Last year, the federal government banned a gasoline additive, methyl tertiary butyl ether (MTBE), because it was polluting groundwater. Gasoline blenders needed another "oxygenate" -- designed to reduce air pollution -- and quickly turned to ethanol. Corn prices surged. American farmers planted 93 million acres of corn, up from 78 million a year ago -- the largest crop by acreage since World War II.

As if corn needed yet another boost, the political calendar ensures that the road to the White House starts in Iowa. One candidate after another has put on a hard hat and safety glasses and admired the ethanol plant in Nevada.

Republican Fred D. Thompson, a former opponent of ethanol subsidies, came through a few weeks ago and said he'd changed his mind. Democrat Bill Richardson gave a speech recently in Des Moines about major threats to the environment, but said of ethanol, "It's so far superior to our addiction to foreign oil, you have to go full speed ahead."

Bucking the trend is Sen. John McCain (R-Ariz.), who said recently in a speech in Ames, just down the road, that he opposes all government subsidies that distort the free market: "I've never known an American entrepreneur worthy of the name who wouldn't rather compete for sales than subsidies."

McCain, however, has never counted on getting many votes in Iowa. Because of his position on subsidies, he didn't even campaign here when he ran for president eight years ago.

'We Don't Have the Land'

Once, much of Iowa was a "pothole prairie," an open terrain pocked with wetlands. Now it is a completely managed landscape. It has few forests. You can search a long time in Iowa before finding anything that you could call the Wild.

If the nation's leaders have their way, there will be yet more corn here. The Energy Act of 2005 mandated the use of 7.5 billion gallons of ethanol a year by 2012, and that's just for starters.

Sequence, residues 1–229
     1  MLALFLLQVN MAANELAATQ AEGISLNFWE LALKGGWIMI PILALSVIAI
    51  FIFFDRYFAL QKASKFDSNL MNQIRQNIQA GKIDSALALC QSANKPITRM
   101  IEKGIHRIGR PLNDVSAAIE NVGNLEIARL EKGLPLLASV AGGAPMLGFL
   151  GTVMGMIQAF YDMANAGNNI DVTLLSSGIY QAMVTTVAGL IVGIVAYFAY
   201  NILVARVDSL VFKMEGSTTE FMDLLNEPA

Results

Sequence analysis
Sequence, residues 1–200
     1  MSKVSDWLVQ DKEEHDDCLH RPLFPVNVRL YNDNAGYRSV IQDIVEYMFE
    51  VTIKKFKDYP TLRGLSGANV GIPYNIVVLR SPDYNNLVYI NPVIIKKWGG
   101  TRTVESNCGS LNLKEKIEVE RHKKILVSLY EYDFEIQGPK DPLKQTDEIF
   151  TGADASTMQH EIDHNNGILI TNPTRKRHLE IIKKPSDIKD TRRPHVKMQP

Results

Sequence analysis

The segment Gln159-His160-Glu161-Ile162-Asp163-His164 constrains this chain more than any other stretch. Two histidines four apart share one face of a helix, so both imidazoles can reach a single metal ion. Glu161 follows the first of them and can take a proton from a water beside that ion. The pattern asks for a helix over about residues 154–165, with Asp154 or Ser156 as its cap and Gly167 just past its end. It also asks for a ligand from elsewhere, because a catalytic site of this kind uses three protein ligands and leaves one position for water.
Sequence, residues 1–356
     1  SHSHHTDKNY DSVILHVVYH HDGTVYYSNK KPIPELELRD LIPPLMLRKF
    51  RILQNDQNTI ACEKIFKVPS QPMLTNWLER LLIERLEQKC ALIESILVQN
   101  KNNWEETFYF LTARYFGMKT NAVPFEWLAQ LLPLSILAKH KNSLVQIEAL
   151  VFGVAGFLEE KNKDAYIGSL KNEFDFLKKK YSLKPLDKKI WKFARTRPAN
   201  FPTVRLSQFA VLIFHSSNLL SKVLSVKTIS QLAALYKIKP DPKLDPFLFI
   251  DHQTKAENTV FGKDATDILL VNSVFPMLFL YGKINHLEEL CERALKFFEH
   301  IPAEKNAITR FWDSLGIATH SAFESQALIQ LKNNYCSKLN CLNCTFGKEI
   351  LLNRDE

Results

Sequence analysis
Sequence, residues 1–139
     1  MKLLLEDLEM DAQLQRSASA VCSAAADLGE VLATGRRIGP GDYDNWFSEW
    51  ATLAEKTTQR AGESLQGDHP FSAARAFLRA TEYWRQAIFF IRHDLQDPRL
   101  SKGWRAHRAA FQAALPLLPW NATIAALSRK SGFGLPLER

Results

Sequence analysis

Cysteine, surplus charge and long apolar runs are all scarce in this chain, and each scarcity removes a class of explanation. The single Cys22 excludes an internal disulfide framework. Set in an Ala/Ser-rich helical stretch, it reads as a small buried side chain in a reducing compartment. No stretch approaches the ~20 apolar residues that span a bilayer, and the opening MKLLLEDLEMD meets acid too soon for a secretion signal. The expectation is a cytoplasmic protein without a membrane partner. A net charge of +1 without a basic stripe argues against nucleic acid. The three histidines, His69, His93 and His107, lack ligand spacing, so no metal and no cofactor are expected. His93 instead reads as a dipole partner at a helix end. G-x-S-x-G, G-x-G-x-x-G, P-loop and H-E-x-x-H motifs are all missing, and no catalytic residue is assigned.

"The president's goal is to have 35 billion gallons of biofuels by 2017, and we're currently at 6 billion gallons. That would mean a huge increase in land for corn," says Jerry Schnoor, a University of Iowa professor of civil and environmental engineering. "The environmental constraints are just too great. It's too much nutrients, too much soil loss, too much pesticides. We don't have the land."

Ethanol advocates vow that the next generation of technology will make ethanol more attractive environmentally. Cellulosic ethanol could be made from cornstalks or, better yet, from perennial crops such as switchgrass. But that's the future. Today, corn, and specifically corn kernels -- little nuggets of starch -- are the sole source of commercial ethanol.

"The thing about ethanol: It's not a perfect solution for our energy, but it's a pretty good one. You don't throw out the good in search of the perfect," said Julius Schaaf, who farms 4,000 acres in Randolph, Iowa, and is chairman of the Iowa Corn Promotion Board.

Both Food and Fuel

Driving around Nevada in the truck he calls Bob -- for "big ol' beast" -- Couser grew increasingly combative. He groused about "tree huggers." His way of farming is sustainable, he says. On his feedlot, he uses an innovative system of waste disposal that state officials have praised. He owns lake property and says, "I want to make sure that when I go out in my water scooter, that that water's clean."

As for the professors who criticize industrial agriculture, Couser said, "Have they come out and taken a handful of dirt and seen how black it is?"

It is, indeed, as dark as spent coffee grounds -- espresso roast.

Couser grabbed an ear of corn (planted from Monsanto No. 6163 seed, which he said gave the corn good "standability" even in a stiff autumn wind), shucked it, broke off some kernels and popped them into his mouth like candy.

He made a mental calculation.

"It's about 16 percent moisture," he said. Dry enough to harvest. "It's hard to believe you can put that in your tank, isn't it?"

It's food; it's fuel; it's in every product imaginable. It's the plant that ate Iowa.

Couser said he knows the precise geographical center of the state. He drove up a road, past his house, past his feedlot, took a left through more corn and soybean stubble, and pulled his truck onto the soggy edge of a humble and nondescript patch of open field, the pinpoint center of the heart of the Corn Belt:

A hayfield.

So there's still one of those left.